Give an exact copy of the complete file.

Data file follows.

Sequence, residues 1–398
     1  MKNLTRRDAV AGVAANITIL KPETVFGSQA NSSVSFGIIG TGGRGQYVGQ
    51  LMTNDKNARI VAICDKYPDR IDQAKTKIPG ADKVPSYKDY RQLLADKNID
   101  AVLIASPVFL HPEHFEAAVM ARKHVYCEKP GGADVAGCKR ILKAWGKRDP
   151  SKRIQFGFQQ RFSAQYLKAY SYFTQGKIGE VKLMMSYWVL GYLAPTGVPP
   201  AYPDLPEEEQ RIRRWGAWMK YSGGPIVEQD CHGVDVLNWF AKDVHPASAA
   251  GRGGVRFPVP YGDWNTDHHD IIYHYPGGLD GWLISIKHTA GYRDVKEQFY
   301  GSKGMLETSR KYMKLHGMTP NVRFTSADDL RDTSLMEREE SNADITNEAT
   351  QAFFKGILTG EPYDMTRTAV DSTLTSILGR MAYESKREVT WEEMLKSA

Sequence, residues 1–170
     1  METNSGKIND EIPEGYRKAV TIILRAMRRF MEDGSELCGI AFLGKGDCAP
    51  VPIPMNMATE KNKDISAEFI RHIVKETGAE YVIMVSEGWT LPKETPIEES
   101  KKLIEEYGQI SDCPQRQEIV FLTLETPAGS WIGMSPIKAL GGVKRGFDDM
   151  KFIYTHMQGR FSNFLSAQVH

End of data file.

Sequence, residues 1–398
     1  MKNLTRRDAV AGVAANITIL KPETVFGSQA NSSVSFGIIG TGGRGQYVGQ
    51  LMTNDKNARI VAICDKYPDR IDQAKTKIPG ADKVPSYKDY RQLLADKNID
   101  AVLIASPVFL HPEHFEAAVM ARKHVYCEKP GGADVAGCKR ILKAWGKRDP
   151  SKRIQFGFQQ RFSAQYLKAY SYFTQGKIGE VKLMMSYWVL GYLAPTGVPP
   201  AYPDLPEEEQ RIRRWGAWMK YSGGPIVEQD CHGVDVLNWF AKDVHPASAA
   251  GRGGVRFPVP YGDWNTDHHD IIYHYPGGLD GWLISIKHTA GYRDVKEQFY
   301  GSKGMLETSR KYMKLHGMTP NVRFTSADDL RDTSLMEREE SNADITNEAT
   351  QAFFKGILTG EPYDMTRTAV DSTLTSILGR MAYESKREVT WEEMLKSA

Sequence, residues 1–170
     1  METNSGKIND EIPEGYRKAV TIILRAMRRF MEDGSELCGI AFLGKGDCAP
    51  VPIPMNMATE KNKDISAEFI RHIVKETGAE YVIMVSEGWT LPKETPIEES
   101  KKLIEEYGQI SDCPQRQEIV FLTLETPAGS WIGMSPIKAL GGVKRGFDDM
   151  KFIYTHMQGR FSNFLSAQVH